Rolex is an iconic Swiss luxury watch brand. The people behind the Rolex logo chose colors that connote royalty and wealth—gold and green, respectively. This color pairing attracts people who have an inclination for the finer things in life.

Let’s go through another example—if you’re creating a marketing email to get people to register for an event and you want to grab their attention, why not make something like this?

Source: BIll Kenney on Dribbble

The contrasting colors—red and white—make the CTA button stand out. The color red also indicates passion and energy, and those are the things you want your viewer to feel so they will take action. 

 

#4 Balance and Space for Better Readability

Balance in graphic design refers to the equal distribution of visual weight among elements in a composition. 

There are four balance types:

  • Symmetrical: The visual weight of each of the elements is equally split into two, like a mirror image.
  • Asymmetrical: This balance uses scale, contrast, and color to level out a layout's flow. You can see it on websites where two sides of a web page vary but contain similar elements.
  • Radial: The elements are in a circular pattern.
  • Mosaic: The composition lacks distinct focal points.

Each of these balance types stands for something. Symmetrical balance, for example, connotes elegance and perfection, while asymmetrical balance is more dynamic and interesting. On the other hand, radial balance evokes movement, while mosaic balance creates a sense of disorganization.

Space, on the other hand, can be used to separate and link elements in a composition. Wider spaces distinguish elements from each other, while elements connected by narrow spaces highlight interaction. 

Depending on what you want to convey, you can choose any type of balance when laying out visual elements in your marketing collateral or business proposal. Your copy, however, needs to be readable. That means there should be enough space between each letter, word, and sentence so your viewers can understand your message clearly. 

Source: InspirationFeed

The design world is littered with examples of character and word spacing done wrong. For instance, in the product packaging above, it’s easy to mistake “flickering” for something off-color. While the typeface the designer used is very appealing, it unfortunately doesn’t fit its intended purpose because of the way it’s spaced.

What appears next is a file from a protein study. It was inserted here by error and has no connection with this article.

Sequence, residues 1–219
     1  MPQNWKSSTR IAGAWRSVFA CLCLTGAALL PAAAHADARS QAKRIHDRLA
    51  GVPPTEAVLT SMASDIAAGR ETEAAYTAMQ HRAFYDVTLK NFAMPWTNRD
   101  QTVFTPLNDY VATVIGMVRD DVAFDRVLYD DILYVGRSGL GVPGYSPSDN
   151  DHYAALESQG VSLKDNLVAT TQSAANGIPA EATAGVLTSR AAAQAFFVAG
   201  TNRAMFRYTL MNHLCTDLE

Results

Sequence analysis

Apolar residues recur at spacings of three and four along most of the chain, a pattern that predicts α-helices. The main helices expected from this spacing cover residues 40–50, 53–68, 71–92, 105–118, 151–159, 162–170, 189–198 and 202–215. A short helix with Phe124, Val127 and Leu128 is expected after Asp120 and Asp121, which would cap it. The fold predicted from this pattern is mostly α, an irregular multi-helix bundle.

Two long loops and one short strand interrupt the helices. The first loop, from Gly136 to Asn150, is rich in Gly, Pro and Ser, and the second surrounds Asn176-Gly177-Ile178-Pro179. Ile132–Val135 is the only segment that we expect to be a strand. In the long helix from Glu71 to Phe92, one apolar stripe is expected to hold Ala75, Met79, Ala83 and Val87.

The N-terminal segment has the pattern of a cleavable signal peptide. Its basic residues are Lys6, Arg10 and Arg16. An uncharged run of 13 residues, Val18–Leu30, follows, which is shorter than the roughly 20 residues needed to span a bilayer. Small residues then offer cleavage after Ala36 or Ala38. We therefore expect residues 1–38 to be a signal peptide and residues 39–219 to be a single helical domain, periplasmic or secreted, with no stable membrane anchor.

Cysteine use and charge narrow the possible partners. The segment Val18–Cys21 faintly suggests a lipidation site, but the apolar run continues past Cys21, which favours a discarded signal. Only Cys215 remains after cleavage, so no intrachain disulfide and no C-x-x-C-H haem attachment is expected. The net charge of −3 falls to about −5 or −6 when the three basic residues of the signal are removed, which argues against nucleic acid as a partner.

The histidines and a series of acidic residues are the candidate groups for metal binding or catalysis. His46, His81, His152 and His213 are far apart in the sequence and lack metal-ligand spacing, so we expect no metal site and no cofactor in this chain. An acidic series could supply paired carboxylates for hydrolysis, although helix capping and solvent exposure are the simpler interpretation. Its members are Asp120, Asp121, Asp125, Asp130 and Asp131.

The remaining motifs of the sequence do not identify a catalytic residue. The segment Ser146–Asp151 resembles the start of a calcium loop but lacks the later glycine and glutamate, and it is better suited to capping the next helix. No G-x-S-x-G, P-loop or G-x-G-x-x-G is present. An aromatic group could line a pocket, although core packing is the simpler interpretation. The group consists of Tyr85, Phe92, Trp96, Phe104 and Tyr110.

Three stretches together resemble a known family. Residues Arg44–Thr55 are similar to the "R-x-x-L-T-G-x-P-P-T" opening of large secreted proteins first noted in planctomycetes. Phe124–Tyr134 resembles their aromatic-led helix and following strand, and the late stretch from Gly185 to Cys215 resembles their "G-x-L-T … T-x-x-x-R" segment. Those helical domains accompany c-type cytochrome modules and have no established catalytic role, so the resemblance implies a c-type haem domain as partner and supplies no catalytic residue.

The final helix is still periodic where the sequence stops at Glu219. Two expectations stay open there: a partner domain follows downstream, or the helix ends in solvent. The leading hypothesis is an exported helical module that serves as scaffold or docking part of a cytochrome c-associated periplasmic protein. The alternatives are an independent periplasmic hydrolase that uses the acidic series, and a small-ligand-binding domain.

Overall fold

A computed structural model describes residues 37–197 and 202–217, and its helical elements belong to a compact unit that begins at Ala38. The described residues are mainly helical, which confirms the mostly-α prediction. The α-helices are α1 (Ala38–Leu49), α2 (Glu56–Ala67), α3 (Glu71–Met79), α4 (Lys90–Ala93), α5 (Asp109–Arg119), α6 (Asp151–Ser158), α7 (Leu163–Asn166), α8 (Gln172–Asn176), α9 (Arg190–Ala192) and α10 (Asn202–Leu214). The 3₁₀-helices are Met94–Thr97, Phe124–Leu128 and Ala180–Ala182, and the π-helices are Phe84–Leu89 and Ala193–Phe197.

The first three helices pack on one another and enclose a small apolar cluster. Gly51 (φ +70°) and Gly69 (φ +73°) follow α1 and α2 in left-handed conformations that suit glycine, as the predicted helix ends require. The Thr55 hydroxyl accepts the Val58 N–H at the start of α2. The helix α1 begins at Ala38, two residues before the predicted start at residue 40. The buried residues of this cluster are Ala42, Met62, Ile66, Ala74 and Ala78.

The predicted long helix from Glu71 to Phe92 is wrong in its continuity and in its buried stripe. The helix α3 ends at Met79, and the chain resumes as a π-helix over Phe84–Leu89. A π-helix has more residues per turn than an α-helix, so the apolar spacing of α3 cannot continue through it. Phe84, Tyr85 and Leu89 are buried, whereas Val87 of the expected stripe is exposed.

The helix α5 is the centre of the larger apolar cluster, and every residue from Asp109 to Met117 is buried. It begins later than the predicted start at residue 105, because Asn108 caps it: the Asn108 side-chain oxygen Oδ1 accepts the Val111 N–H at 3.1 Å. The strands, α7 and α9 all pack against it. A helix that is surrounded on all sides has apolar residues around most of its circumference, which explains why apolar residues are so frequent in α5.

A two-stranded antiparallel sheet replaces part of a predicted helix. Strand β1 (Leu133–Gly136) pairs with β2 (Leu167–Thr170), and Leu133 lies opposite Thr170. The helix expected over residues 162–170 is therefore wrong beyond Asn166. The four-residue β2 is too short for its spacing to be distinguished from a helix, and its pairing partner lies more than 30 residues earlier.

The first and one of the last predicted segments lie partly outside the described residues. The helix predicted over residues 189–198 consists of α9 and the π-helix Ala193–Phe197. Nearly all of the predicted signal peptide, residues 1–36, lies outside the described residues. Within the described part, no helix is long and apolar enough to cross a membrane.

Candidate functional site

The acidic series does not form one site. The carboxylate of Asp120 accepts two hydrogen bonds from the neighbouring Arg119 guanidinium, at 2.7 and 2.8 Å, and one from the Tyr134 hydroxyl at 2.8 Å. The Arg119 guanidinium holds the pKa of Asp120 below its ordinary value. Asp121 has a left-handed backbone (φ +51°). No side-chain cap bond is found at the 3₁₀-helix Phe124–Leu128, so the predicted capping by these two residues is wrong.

#5 Variety to Capture the Customer's Interest

You use variety in design to produce visual interest. A design can very easily become monotonous without variation, causing the consumer to lose interest. You can create variety through color, typography, pictures, shapes, and more.

Source: Variety

You can also use variety to convey your brand message. Dropbox, for instance, does this:

Source: Columnfivemedia

With variety, Dropbox drives home its core message: regardless of the type of data you use and store, Dropbox’s storage and file organization features will help improve your productivity.

 

The Bottom Line

Graphic design is key to branding. Visuals help make your marketing collateral and business presentations look professional and convey your brand message effectively. That’s why understanding graphic design principles is essential. In this article, we’ve looked at five principles: visual hierarchy and contrast, balance and space, repetition, color, and variety. Here’s are the main takeaways from this article:

  • Use visual hierarchy to organize your visual elements according to importance.
  • Decide on the balance of your visual elements, depending on what you want to convey. Make sure there’s enough space between letters, words, and sentences in your copy, because it needs to be readable.
  • Repeat relevant elements to establish brand recall. Use the logo and color palette consistently across your marketing collateral, products, and business presentations to establish a defining look for your brand.
  • Use color to get people to feel a certain way and take action.
  • Employ contrast to let relevant elements stand out.
  • Use variety to break the monotony in your marketing collateral or business presentations.

Now it’s over to you. Use these principles to your advantage. Get to know your audience so that you can create powerful content that conveys the right message and drives people to take action.

Author's bio:

 
Petra Odak is the Chief Marketing Officer at Better Proposals, a simple yet incredibly powerful proposal software tool that helps you send high-converting, web-based business proposals in minutes. She’s a solution-oriented marketing enthusiast with more than 5 years of experience in various fields of marketing and project management.